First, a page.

Yellowknifers gathered for a candlelight vigil to honour victims of the Sri Lanka terror attacks at Northern United place this past Sunday.

Anusa Sivalingam, right, leads a minute of silence for the hundreds of victims who died in terrorist attacks on churches earlier this month at NUP.
Brett McGarry/ NNSL photo

“We wanted to have something here in Yellowknife, in support and grieving with all of those who are affected,” said one of the event’s many organizers Anusa Sivalingam, a member of Yellowknife’s small Sri Lankan community. “There are so many ethnicities and peoples and religions that are in Sri Lanka. It’s a tiny island that is religious and ethnically diverse and it’s beautiful in its people, it’s beautiful in its land and we wanted to show support on this side of the world.”

Over 250 people were killed in a string of deadly suicide bomb blasts on Easter Sunday in Sri Lanka targeting churches and luxury hotels. Islamic State jihadists have claimed responsibility for the attacks.

Dozens attended the event in Yellowknife, which included a moment of silence, speeches from religious leaders, a potluck dinner and the signing of messages that will sent to Sri Lanka later this year.

Nazim Awan, chair of the Islamic Centre in Yellowknife, came with many supporters from the Islamic community and provided a good deal of food for the event. He said that although the attackers identified as Islamic, they do not represent true Islamic values.

“There is always support for each other, which is part of what makes this place great.”

“All of us are affected because faith is the smaller part of the bigger human family,” he said. “We have different faiths, different colours, different languages, but at the end of the day all religions teach the same thing; respect of other people.”

Father Kirk Tastad, of the Holy Family Lutheran Church, also spoke at the vigil.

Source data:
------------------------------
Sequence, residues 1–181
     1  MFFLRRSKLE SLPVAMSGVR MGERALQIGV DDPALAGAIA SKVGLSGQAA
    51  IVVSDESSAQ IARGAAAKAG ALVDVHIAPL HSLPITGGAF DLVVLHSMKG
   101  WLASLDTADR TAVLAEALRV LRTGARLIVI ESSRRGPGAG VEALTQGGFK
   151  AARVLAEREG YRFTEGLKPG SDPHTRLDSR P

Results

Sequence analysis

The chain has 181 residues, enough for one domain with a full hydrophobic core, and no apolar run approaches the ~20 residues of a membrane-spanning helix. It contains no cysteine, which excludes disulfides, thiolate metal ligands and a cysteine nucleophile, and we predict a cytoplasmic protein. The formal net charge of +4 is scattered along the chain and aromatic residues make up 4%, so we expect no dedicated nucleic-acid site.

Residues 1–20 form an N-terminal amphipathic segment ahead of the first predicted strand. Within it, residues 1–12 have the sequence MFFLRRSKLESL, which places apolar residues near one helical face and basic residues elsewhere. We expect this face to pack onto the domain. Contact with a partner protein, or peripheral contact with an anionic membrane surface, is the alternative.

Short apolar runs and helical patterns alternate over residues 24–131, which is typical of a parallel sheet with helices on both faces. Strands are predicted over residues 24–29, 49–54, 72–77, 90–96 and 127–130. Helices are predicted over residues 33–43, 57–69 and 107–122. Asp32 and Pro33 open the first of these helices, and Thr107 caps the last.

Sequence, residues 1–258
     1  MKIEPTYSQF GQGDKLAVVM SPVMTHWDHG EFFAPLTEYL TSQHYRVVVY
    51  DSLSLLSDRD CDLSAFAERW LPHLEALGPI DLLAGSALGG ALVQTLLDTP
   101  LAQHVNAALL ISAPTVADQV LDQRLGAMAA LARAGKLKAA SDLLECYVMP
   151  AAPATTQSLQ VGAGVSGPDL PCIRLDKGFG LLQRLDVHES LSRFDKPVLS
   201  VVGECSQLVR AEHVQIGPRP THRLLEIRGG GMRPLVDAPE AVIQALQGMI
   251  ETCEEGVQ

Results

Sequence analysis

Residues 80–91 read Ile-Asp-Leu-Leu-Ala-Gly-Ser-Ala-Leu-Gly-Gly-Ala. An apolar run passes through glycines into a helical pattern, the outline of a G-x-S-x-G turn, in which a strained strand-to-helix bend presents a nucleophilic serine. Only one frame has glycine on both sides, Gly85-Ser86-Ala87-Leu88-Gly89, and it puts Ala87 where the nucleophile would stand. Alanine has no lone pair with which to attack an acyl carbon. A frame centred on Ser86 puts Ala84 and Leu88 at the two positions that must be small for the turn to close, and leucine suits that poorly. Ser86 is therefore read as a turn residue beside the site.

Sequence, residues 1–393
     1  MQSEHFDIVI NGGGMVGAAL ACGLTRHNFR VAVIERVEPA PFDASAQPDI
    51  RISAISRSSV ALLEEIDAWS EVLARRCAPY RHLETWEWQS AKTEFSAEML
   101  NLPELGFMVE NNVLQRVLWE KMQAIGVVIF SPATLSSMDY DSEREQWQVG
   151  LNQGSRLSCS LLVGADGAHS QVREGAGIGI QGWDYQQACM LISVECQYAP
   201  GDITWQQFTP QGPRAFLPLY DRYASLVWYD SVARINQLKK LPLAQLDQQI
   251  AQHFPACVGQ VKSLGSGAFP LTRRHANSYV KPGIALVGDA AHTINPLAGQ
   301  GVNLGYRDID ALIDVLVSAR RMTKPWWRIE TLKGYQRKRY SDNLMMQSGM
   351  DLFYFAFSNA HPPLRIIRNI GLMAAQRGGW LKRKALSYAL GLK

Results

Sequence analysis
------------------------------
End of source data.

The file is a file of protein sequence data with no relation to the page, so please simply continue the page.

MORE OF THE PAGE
“It’s important that we remind the world and each other that we see what’s gone on and we won’t forget,” said Tastad. “It’s why we light candles, it’s why we stand shoulder to shoulder, to remind people that we see, whether it’s in Christchurch, California or in Sri Lanka.”

“We stand together to make it known that we desire to move together in a different way as one people, with shared humanity,” he continued.

Dulari Ranathunga, event organizer and a member of Yellowknife’s Sri Lankan community, spoke about her friends and family in Sri Lanka.

“I was afraid that if they went outside, they might not come back,” she said. “I was in mourning for a week and it became even more difficult when they cut off communication like Skype. It was important to get out and connect with the community again. There are not many Sri Lankans here but we’re close and events like these provide a sense of belonging with all the community which is important.”

Ana Sutendra left Sri Lanka for Canada in 1989.

At Sunday’s vigil, she said Yellowknife’s sense of community is what has kept her and her family in the city for many years.

“It’s very important that we come together today and show people that this is not racial or religious, that this was perpetrated by extremists,” she said. “You look around here and see people of every ethnicity and acts like this will not divide the community. There is always support for each other, which is part of what makes this place great.”

Brett McGarry

Brett McGarry came to Yellowknife in early 2019 after graduating from Humber College with an advanced diploma in journalism. After covering city council and local business as a reporter, Brett is now an...

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